February 28th 2017
Emergency Ward

Occasionally some Councils in the UK try and shore up their decreasing budgets by putting usage on their sports pitches out to tender or, in reality, to the highest bidder.  Notwithstanding the discriminatory aspect of this policy, on the few occasions this has happened Leisure Leagues has bid and, because we usually pay the most, by some distance, very often win these tenders.  18 months ago we won such a tender put out by South Staffordshire Council to run at three of their leisure centres.  We offered a rate of £200 per hour for each pitch, more than 50% over and above the next highest bidder and a rate that only sports pitches in Central London can achieve normally.

We won the bid and, a year later were using most of the time we were given – in fact we were full at two centres and working on the third.  The Council were getting an unprecedented amount of money for the times we were using, at an unprecedented rate.  However, the Council’s Leisure Services Manager, Tony Ward was embarrassed.  And he came to see us to tell us why.

He had provided a budget to the Council that indicated the Council would receive the rate we were offering for the pitch space we weren’t even using and he’d made a bit of an error in that he also hadn’t got us to sign a Contract with the Council for the Agreement.  Could we solve his problem for him?

Well, as many of you will know, we are a not-for-profit organisation and give to substantial causes each year.  We are not in the business of saving a leisure manager embarrassment at the expense of the good work we do in the community.  So we said, politely, no.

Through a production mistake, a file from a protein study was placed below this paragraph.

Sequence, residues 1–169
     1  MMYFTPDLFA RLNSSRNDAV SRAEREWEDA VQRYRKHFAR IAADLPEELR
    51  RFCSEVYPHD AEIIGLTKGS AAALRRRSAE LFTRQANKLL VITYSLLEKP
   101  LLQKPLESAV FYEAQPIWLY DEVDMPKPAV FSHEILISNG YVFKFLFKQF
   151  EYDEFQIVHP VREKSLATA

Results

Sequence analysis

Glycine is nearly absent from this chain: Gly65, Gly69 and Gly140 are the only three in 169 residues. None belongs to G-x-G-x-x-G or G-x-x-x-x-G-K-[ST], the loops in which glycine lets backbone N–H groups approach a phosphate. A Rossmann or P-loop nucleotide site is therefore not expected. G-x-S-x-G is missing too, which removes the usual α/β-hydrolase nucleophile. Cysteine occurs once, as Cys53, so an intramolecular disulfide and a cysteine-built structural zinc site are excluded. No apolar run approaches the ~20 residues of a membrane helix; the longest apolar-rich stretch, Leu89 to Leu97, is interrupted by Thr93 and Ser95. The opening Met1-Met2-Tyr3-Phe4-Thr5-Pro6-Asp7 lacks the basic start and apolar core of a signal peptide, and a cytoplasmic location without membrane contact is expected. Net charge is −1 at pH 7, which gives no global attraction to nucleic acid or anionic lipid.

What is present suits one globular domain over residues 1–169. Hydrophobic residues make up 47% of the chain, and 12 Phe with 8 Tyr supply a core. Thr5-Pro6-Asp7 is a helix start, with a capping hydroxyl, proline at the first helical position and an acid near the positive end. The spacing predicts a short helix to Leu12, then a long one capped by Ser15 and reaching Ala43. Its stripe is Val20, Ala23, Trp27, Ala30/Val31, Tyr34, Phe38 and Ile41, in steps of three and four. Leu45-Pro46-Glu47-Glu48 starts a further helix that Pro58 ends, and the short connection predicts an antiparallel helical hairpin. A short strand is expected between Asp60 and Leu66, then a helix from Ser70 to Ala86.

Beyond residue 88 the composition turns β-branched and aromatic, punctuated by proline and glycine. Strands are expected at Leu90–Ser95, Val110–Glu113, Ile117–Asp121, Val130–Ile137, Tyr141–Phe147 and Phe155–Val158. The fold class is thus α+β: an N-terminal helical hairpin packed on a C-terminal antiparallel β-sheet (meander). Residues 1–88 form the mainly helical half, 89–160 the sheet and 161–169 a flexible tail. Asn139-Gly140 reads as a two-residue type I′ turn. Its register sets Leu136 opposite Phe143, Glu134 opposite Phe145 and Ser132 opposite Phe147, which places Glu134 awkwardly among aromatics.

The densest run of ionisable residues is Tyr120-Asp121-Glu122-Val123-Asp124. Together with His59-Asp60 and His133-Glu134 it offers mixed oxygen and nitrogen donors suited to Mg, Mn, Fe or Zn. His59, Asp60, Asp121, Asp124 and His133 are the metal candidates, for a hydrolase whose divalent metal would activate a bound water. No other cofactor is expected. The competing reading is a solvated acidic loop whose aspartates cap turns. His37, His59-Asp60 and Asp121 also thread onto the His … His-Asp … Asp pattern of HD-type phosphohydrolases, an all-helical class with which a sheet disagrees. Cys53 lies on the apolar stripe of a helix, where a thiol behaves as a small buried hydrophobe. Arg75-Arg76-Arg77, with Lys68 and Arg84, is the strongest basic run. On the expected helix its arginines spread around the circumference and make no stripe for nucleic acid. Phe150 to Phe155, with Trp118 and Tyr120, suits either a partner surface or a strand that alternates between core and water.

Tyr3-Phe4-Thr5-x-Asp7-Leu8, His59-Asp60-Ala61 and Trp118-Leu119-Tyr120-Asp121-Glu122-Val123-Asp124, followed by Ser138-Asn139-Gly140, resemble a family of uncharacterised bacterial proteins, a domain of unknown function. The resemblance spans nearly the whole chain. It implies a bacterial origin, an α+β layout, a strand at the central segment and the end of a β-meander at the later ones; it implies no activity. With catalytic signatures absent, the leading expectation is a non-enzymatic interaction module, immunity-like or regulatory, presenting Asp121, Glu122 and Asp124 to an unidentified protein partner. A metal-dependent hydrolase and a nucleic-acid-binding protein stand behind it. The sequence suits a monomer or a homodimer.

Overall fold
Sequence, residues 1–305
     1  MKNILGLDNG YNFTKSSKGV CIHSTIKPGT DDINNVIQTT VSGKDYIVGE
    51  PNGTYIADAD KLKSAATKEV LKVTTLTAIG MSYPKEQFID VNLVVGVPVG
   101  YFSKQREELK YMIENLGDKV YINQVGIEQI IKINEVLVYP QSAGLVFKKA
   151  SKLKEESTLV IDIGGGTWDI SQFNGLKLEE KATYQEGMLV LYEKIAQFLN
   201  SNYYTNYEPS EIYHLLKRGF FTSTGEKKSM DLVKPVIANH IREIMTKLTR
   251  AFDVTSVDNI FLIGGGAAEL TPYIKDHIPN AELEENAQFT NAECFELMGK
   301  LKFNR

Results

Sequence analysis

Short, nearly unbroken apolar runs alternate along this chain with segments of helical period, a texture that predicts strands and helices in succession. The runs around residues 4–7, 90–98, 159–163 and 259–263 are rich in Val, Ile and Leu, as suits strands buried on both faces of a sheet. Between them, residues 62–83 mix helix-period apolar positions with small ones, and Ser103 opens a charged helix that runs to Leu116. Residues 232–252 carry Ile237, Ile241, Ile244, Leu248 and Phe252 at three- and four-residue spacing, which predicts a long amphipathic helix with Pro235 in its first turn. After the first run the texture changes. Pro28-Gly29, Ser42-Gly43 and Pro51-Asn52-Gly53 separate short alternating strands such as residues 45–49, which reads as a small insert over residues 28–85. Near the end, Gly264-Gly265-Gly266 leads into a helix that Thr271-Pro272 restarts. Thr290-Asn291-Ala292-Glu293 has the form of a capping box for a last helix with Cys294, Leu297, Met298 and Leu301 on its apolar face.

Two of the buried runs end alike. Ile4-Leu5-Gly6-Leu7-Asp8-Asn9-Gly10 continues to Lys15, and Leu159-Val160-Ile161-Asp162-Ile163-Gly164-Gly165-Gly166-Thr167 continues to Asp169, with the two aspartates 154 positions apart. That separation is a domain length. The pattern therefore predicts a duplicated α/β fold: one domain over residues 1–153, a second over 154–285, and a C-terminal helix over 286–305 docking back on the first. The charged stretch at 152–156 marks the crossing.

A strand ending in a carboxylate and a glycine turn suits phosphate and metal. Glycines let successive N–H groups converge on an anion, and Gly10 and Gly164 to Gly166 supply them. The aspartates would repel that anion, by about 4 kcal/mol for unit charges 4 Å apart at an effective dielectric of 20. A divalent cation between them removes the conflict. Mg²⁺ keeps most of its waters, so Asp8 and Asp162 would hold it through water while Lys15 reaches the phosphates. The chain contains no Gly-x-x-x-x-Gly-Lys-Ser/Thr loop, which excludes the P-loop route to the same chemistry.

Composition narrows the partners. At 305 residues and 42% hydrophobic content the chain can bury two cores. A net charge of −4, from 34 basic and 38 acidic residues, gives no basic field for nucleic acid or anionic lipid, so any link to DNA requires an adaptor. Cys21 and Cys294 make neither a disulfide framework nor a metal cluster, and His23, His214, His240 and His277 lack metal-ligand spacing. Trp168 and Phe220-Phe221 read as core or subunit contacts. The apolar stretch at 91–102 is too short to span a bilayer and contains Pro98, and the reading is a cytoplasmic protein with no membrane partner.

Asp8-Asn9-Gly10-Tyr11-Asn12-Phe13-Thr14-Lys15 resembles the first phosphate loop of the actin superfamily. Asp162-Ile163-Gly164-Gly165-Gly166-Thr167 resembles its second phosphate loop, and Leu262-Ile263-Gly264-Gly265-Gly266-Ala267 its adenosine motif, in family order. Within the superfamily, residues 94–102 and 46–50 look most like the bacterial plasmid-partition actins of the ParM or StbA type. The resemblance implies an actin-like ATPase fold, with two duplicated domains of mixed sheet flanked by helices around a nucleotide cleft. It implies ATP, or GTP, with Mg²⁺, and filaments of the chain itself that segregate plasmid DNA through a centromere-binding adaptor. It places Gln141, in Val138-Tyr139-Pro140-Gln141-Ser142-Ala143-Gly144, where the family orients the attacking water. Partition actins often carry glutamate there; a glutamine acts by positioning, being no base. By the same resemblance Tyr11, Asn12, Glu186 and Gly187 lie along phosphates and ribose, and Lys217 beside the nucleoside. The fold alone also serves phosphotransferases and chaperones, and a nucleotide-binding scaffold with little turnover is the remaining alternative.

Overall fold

But this wasn’t all.  What struck us at the meeting with Mr Ward was that he didn’t seem to know how 5 and 6-a-side football operated.  He thought it was played on a big 11-a-side pitch.  A leisure services manager who didn’t understand the basic concept of a sport played by 2 million people in the UK?  Rather odd we thought.  Never mind, we explained the basics of the sport to him and we agreed that we would talk again and would try and help him out in the future where we could.

But that wasn’t going to save his embarrassment.  A few weeks later we received a letter stating that he was going to terminate our hire of the pitches as soon as possible.  He didn’t seem to worry about the thousands of people, many of whom disadvantaged, who play in our leagues in South Staffordshire.  No, his only concern was trying to get out of a tricky situation and finding a scapegoat to do it.

Then we discovered that this wasn’t the first time that Mr Ward had tried to make himself look good at the expense of the community.  He’d recently decided to close down a community swimming club offering lessons for disadvantaged people in Penkridge, in the process making the swimming instructor redundant.  To save money?  No, not this time.  This was all about Mr Ward’s thinking he knew everything about swimming (he was a bit of a swimmer in his heyday, by all accounts) and wanting to show the Council that he knew best how to run swimming lessons.  Angry protests by children and parents had no effect on him.  Impervious to the needs and wishes of the community, yet thinking only about saving and establishing his own reputation, Mr Ward went ahead regardless.

We work with most Councils in the UK and we have excellent relationships with most of them.  But Mr Ward was a different kettle of fish entirely.  We’re moving our leagues in South Staffordshire to nearby, better, friendlier facilities – and we’ll leave Mr Ward to see whether or not he would achieve the same revenue (at £200 an hour per pitch) from other sources as he did with us.  Our bet is that he won’t, not by a long way.

But what will that matter to Mr Ward?  Nothing really.  He will have made his point, secured his scapegoat, clung on to the remnants of his ever decreasing reputation.  And the community?  Well, what do they matter when the reputation of the Leisure Service Manager is at stake!

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